My truly favourite memory of you was when I got sick and was unable to visit you, you would ask me to come to the balcony in our house. You would stand on your balcony, and I, a little girl at that time, would stand on mine. Then, we would blow air kisses to each other. You used to catch them, count them, and then tell me when I could go back to my room.
You were one cool lady who taught me so much about life not only with your words, but also through your actions. You really knew what it was to live life to the fullest. Thank you for being my Archa. I will miss you.
Your too, too short life brought
Baby Minindu Matheesha Hewage
It is three months since you bade us goodbye, on March 7, 2011. Never did I dream that as your Grandma I would be writing an appreciation in memory of my darling Chuty Baby. My heart aches and my eyes fill with tears as I write this.
Your beginning was so sudden – you rushed into our lives, ahead of time. Why so, darling Minindu Baby? Did you have a premonition of a sudden departure, just at your beginning? Your Amma sacrificed a lot to be with you and nurture you. She did it to the letter. She was like your shadow, up to the moment you left us.
Your loving Amma and Thaaththa’s untiring efforts, love and dedication transformed tiny you in no time into a cute little bundle of love. You gave us happiness to last a lifetime. Your first words, first steps, sweet smile, adorable ways – the many firsts in your short life brought us untold happiness. But it was to be just 16 months, from beginning to end.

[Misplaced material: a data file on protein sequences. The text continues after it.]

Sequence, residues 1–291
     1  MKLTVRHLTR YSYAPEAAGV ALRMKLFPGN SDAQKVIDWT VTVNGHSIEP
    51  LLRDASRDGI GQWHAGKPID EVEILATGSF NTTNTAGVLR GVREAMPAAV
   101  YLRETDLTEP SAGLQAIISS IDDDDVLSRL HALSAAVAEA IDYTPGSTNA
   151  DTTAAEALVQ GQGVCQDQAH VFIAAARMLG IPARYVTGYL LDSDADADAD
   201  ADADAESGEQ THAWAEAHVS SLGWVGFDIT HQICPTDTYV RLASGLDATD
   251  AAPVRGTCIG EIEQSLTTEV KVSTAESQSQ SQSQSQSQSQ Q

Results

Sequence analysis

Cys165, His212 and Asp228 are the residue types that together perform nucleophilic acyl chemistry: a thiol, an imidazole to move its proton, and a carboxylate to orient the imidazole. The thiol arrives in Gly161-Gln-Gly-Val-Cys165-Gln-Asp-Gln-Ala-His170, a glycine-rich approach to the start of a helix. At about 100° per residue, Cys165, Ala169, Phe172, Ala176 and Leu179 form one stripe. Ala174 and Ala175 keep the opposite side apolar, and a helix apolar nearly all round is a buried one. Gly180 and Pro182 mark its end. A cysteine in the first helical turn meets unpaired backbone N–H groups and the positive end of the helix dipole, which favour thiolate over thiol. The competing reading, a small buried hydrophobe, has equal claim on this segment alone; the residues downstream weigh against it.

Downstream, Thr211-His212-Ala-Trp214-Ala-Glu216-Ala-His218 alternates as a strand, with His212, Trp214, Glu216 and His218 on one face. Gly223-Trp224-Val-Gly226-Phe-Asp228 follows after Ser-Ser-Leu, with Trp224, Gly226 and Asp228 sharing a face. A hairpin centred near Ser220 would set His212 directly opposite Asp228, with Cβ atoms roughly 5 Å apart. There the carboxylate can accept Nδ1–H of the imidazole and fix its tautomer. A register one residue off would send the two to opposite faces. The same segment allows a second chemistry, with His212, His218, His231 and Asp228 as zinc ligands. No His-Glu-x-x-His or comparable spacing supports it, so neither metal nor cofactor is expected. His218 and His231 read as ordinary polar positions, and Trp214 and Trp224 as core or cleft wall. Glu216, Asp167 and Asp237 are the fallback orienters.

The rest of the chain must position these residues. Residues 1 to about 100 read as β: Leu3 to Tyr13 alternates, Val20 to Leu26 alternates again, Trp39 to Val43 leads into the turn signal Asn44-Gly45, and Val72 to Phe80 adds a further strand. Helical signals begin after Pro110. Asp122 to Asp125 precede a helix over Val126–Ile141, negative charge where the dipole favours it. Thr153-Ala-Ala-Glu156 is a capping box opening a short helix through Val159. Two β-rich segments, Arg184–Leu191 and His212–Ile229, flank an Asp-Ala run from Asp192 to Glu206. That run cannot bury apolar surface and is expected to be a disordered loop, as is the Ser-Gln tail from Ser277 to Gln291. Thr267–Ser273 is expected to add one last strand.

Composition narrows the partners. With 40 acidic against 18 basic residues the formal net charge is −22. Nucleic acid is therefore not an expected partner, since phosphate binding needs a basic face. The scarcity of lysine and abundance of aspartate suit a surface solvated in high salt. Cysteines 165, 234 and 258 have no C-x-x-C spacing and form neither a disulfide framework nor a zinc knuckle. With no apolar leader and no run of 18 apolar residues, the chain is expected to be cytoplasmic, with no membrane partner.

You showed exceptional talents, promising a bright future. At that tender age, you could manipulate the remote control or mobile for your favourite songs and tunes, whenever you wanted to sleep. And how happily you would sleep, listening to the music and relaxing in our arms. All this will never be erased from our memory, as long as we live.
You had an unusual interest in the moon, flowers, and statues of Lord Buddha. You worshipped Lord Buddha with your tiny hands clasped above your forehead, just like an adult. Every day you wanted to worship, and with signs you directed Amma and Thaaththa to light the oil lamp and joss sticks.